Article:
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Sunday, May 27, 2018

National Gallery Unveils Chagall Mosaic

Marc Chagall's 'Orphee,' 1969. Marc Chagall's 'Orphee,' 1969. National Gallery of Art, Washington, D.C.

The National Gallery of Art in Washington, D.C. has unveiled a permanent and public home for a glass and stone mosaic designed by Marc Chagall. ‘Orphée,’ which was donated to the museum by the late collector Evelyn Stefansson Nef, will reside in the National Gallery’s Sculpture Garden.

The mosaic, which was a special gift from Chagall to Nef and her husband, John, spent over 40 years in the couple’s garden in Georgetown. The work was donated to the museum in 2009 as part of a major bequest of over 100 works from the Nef’s collection of 19th- and 20th-century artworks. Measuring around 10’ x 17’, the mosaic depicts various figures from Greek mythology.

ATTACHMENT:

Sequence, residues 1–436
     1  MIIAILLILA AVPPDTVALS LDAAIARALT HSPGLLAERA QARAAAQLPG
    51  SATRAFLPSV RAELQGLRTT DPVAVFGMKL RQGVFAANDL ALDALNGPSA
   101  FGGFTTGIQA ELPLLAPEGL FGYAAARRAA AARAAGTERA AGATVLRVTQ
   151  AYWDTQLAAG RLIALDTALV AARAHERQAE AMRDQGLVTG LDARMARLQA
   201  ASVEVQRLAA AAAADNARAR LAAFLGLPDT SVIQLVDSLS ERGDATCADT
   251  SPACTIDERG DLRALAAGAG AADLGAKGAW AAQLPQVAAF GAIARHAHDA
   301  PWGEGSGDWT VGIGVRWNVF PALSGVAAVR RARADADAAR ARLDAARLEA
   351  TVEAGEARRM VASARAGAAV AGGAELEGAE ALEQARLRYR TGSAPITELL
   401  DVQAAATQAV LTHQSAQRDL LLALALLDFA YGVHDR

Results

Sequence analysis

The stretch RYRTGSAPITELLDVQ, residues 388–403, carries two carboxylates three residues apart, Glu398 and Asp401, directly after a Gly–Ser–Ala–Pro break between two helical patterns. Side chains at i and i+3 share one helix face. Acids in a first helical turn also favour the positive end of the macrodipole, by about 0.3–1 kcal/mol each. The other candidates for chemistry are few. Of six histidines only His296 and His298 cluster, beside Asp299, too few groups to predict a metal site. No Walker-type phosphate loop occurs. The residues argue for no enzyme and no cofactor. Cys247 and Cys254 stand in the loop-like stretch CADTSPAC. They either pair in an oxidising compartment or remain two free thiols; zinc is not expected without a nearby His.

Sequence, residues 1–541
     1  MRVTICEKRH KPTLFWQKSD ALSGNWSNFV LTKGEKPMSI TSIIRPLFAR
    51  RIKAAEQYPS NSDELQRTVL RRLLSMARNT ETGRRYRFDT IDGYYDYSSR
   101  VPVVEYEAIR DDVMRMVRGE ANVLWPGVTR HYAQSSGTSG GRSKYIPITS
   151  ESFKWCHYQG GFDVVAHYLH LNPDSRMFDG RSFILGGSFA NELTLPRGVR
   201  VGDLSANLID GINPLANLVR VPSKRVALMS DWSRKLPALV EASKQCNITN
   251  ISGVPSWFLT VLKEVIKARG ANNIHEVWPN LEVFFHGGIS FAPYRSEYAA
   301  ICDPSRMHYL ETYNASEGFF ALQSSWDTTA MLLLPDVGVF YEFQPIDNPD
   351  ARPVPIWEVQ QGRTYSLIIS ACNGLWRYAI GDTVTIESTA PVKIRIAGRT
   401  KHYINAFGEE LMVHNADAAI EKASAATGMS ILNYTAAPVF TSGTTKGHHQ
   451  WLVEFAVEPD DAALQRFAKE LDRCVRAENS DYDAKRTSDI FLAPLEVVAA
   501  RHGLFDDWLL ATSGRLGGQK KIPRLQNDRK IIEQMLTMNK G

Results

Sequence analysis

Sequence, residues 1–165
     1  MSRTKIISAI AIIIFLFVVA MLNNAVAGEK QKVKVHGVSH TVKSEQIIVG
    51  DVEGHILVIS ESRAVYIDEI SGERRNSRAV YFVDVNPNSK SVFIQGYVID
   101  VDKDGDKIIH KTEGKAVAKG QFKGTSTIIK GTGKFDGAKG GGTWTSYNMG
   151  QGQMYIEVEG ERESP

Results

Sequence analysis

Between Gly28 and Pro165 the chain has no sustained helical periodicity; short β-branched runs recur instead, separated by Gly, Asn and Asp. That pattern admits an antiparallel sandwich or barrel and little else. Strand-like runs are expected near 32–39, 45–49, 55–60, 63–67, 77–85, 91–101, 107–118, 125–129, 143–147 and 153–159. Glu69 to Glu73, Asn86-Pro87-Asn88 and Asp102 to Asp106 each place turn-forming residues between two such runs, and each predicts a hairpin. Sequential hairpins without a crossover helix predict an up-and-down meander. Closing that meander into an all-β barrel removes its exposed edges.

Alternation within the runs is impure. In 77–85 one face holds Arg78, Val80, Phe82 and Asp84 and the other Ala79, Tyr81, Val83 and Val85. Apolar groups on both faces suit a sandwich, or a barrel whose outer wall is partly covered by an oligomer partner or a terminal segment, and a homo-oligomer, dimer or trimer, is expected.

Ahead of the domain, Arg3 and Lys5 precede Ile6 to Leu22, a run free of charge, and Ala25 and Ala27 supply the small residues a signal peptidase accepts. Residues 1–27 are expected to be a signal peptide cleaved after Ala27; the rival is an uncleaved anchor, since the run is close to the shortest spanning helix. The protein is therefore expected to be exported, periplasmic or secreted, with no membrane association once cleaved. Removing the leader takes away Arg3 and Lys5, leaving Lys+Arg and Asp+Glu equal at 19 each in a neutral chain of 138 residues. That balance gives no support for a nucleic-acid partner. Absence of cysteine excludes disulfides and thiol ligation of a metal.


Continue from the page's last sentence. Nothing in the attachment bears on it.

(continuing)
The work was one of the first large-scale outdoor Chagall mosaics to be installed in the United States and during the spring of 2010, a team of conservators, curators, art handlers, designers and masons spent five weeks removing the mosaic from the Nef’s garden wall. Over the next three and a half years, conservators, gallery masons, designers and Italian mosaic experts cleaned the glass and stone, repaired the mosaic’s structural reinforcement, and painstakingly re-installed the work in the National Gallery’s Sculpture Garden.

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